Upon arrival at the academy, 2LT Rieger found himself well equipped for the challenging academics. He had no problem with courses such as chemistry, calculus, physics and coding because of his Episcopal experience. He says his skills in the French language especially set him apart from the other cadets. 2LT Rieger credits the Episcopal French exchange with boosting his aptitude and sparking his interest in the language. He continues to benefit from that early exposure even now. In 2018 while studying in Paris, 2LT Rieger participated in the WWI Armistice Centennial ceremony. In addition, he had the opportunity to serve as a French translator in Gabon, Africa in support of a counter-poaching training mission, an experience that is now a favorite from his time at West Point. For three weeks, 2LT Rieger and his team lived primitively among an army team in what he describes as “the middle of nowhere. It gave me a new appreciation for working with limited resources,” he says. He also says the experience was truly inspiring as he saw the commitment residents had to their country and making a difference. It is a commitment that he shares as he looks toward a life of service.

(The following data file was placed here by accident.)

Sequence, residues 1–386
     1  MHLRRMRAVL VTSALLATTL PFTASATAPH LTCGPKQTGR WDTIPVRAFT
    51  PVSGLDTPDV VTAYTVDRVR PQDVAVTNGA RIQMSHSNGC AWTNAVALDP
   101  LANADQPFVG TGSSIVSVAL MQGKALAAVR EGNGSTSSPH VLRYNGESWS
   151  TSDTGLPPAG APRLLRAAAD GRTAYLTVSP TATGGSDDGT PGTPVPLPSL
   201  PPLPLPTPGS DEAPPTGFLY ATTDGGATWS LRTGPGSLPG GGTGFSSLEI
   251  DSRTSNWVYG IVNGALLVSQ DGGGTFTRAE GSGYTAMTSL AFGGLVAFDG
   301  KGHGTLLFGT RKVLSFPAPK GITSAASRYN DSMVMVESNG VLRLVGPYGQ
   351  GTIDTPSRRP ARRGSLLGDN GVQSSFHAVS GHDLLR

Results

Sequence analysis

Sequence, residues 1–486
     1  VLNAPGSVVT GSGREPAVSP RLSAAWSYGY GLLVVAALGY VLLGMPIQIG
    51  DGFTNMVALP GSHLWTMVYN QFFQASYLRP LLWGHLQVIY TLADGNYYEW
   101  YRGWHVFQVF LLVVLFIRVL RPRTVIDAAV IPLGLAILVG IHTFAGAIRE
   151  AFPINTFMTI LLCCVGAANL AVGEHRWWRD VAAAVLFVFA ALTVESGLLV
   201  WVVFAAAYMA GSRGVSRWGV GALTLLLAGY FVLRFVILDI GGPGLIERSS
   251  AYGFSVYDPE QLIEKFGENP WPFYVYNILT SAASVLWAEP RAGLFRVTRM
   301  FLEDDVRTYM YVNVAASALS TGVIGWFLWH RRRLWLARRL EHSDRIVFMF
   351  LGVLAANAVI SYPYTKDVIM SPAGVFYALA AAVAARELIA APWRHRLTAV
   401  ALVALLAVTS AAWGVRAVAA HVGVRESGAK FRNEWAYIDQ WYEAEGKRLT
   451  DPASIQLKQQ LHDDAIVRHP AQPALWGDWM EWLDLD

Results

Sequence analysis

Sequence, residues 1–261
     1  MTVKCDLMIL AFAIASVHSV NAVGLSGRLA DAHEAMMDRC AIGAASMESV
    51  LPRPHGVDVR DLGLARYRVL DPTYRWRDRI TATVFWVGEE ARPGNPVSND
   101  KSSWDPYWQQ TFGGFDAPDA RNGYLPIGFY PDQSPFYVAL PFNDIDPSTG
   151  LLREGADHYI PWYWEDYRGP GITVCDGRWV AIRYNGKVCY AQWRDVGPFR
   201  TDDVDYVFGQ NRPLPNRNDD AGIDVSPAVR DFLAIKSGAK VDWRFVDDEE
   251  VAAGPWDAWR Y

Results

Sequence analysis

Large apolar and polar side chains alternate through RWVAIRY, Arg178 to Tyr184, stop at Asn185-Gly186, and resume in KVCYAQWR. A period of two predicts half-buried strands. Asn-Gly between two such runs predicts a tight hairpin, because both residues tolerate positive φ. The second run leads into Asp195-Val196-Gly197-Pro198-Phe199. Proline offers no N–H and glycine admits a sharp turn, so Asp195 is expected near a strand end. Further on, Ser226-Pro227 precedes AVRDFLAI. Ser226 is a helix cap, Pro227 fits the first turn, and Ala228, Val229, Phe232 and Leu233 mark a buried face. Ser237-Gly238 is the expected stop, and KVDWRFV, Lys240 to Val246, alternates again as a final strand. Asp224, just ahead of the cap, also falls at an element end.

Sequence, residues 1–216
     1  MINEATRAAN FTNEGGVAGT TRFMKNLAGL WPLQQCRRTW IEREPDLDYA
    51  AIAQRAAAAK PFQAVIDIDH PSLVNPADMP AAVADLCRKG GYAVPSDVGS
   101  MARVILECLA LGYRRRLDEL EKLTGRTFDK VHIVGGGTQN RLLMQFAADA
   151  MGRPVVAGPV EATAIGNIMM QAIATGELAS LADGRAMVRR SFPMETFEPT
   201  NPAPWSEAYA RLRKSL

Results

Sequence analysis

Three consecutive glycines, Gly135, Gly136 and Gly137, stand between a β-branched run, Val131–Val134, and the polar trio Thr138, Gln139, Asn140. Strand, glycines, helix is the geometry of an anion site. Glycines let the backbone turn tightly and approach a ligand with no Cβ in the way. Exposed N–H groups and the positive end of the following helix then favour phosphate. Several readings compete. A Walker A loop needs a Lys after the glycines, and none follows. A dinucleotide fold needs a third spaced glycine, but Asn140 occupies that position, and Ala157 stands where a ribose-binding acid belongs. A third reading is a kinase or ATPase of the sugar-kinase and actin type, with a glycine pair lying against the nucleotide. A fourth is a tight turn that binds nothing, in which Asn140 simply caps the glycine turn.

“They instilled a level of grit in me.”
2LT Rieger’s first experience as an Episcopal athlete was as the ball boy in third and fourth grade. His father and sister are both Episcopal graduates, and 2LT Rieger says early on he also fell in love with the school and the aura and mentality he discovered there. After his initial experience with Episcopal athletics, 2LT Rieger became a key member of the Knights football, baseball and soccer teams. He says there were countless lessons he learned from coaches Travis Bourgeois, Randy Richard and Wally Stevens. One lesson instilled by Bourgeois particularly stands out for 2LT Rieger. “Overcoming adversity was the biggest thing I learned from him.” 2LT Rieger has already used this lesson to overcome tragedies and hardships as he pursues his dreams. No doubt, the lesson will also serve him well in future endeavors.
2LT Rieger has worked hard in and out of the classroom to position himself well for the future. He earned a spot in the Army’s aviation unit and begins training to be a helicopter pilot this summer. Eventually, he hopes to fly an attack helicopter to transport Special Forces units. “I want to do what I can for my soldiers,” he says.